“The Infec­tious Dis­ease Soci­ety of Amer­i­ca, the Insti­tute of Med­i­cine and the World Health Orga­ni­za­tion all have iden­ti­fied resis­tant infec­tious agents as major pub­lic health threats for which a coor­di­nat­ed glob­al effort is urgent­ly need­ed,” said Navy Capt. (Dr.) Gre­go­ry Mar­tin, the Navy sur­geon general’s spe­cial­ty leader for infec­tious dis­eases and a prac­tic­ing infec­tious dis­ease physi­cian at Bethes­da Naval Hos­pi­tal in Maryland. 

Health pro­fes­sion­als and researchers are con­cerned that if bac­te­ria devel­op resis­tance to all antibi­otics, health offi­cials say, no treat­ment options will exist for infect­ed patients. 

Mul­tidrug-resis­tant infec­tions in com­bat injured were first iden­ti­fied in 2003, Mar­tin said, on the hos­pi­tal ship Com­fort and at Bethes­da Naval Hospital.

Mil­i­tary Efforts

Smith said mil­i­tary health sys­tem efforts include a qual­i­ty assur­ance pro­gram imple­ment­ed in all mil­i­tary treat­ment facil­i­ties that estab­lish­es poli­cies, pro­ce­dures and train­ing pro­grams to min­i­mize reduce the risk of infec­tion to patients and staff. In fis­cal 2010, DOD spent $13.6 mil­lion on these efforts. 

“We’ve estab­lished an infec­tion pre­ven­tion and con­trol pan­el with ser­vice sub­ject-mat­ter experts as a sub­com­mit­tee of our mil­i­tary health sys­tem qual­i­ty forum,” he said, and the Defense Department’s Glob­al Emerg­ing Infec­tion Sur­veil­lance and Response Sys­tem gath­ers data from par­tic­i­pat­ing mil­i­tary lab­o­ra­to­ries and hos­pi­tals world­wide to mon­i­tor poten­tial dis­ease outbreaks. 

The sur­veil­lance sys­tem, estab­lished by pres­i­den­tial direc­tive in 1996, is a net­work of U.S. and over­seas lab­o­ra­to­ries whose work helps the mil­i­tary health sys­tem pre­vent, mon­i­tor and respond to infec­tious dis­eases that threat­en mil­i­tary per­son­nel and fam­i­lies and U.S. nation­al security.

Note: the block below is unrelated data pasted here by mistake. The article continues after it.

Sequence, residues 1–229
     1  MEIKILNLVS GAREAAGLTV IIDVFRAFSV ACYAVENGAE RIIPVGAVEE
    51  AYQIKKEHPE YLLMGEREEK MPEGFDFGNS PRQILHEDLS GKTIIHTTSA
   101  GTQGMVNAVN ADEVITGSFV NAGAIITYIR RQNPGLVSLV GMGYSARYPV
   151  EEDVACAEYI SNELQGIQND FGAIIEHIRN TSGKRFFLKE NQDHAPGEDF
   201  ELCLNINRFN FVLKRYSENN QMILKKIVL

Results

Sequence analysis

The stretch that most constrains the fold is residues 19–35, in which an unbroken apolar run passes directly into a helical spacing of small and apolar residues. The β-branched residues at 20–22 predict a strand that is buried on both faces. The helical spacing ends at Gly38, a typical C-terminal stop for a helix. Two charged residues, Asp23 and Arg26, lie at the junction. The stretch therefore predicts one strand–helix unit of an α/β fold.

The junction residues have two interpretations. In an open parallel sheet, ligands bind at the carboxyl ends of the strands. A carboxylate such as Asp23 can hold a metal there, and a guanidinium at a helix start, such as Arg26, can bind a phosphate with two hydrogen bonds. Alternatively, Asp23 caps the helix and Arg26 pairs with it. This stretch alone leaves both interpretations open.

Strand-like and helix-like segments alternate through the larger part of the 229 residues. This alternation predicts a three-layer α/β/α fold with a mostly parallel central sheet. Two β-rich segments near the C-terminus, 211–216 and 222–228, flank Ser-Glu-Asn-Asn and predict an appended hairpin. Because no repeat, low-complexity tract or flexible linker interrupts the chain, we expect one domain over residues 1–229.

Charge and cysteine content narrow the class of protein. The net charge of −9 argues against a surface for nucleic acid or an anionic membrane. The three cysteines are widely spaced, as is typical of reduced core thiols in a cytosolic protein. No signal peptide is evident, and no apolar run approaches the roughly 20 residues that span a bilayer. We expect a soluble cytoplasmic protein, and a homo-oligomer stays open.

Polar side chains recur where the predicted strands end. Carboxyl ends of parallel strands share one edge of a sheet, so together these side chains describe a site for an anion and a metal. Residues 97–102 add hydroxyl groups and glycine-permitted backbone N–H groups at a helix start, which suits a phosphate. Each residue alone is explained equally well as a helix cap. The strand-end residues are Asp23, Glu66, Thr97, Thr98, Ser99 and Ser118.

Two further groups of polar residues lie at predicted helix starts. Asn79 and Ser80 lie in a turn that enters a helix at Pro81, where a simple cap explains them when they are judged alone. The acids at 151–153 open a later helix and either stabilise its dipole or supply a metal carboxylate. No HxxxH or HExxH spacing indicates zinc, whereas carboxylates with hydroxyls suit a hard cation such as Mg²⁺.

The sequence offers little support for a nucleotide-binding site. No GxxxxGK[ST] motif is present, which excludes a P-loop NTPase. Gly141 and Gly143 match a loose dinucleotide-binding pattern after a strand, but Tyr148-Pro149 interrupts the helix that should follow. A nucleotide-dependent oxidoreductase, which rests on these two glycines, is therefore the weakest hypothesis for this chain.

In the Unit­ed States, the DOD sur­veil­lance sys­tem includes the Army Cen­ter for Health Pro­mo­tion and Pre­ven­tive Med­i­cine and the Army Med­ical Research Insti­tute of Infec­tious Dis­eases in Mary­land, the Naval Health Research Cen­ter in Cal­i­for­nia, the Naval Envi­ron­men­tal Health Cen­ter in Vir­ginia and the Air Force Glob­al Sur­veil­lance Office in Texas. 

The sys­tem has estab­lished work­ing rela­tion­ships with the CDC and inter­na­tion­al health agen­cies, includ­ing WHO. Over­seas, mil­i­tary lab­o­ra­to­ries in Egypt, Indone­sia, Kenya, Peru and Thai­land work with each country’s health min­istry — and some­times mil­i­taries — on dis­ease research and surveillance. 

Since Decem­ber 2008, 33 mil­i­tary treat­ment facil­i­ties have par­tic­i­pat­ed in CDC’s Nation­al Health Care Safe­ty Net­work, a vol­un­tary, secure, Inter­net-based sur­veil­lance sys­tem that inte­grates patient and health-care per­son­nel safe­ty sur­veil­lance sys­tems man­aged by CDC

DOD has also part­nered with the Vet­er­ans Admin­is­tra­tion and the CDC to address the chal­lenge of drug-resis­tant organisms. 

“The DOD,” Mar­tin said, “has been a nation­al leader in iden­ti­fy­ing and address­ing the [mul­tidrug-resis­tant organ­ism] challenge.” 

U.S. Depart­ment of Defense
Office of the Assis­tant Sec­re­tary of Defense (Pub­lic Affairs)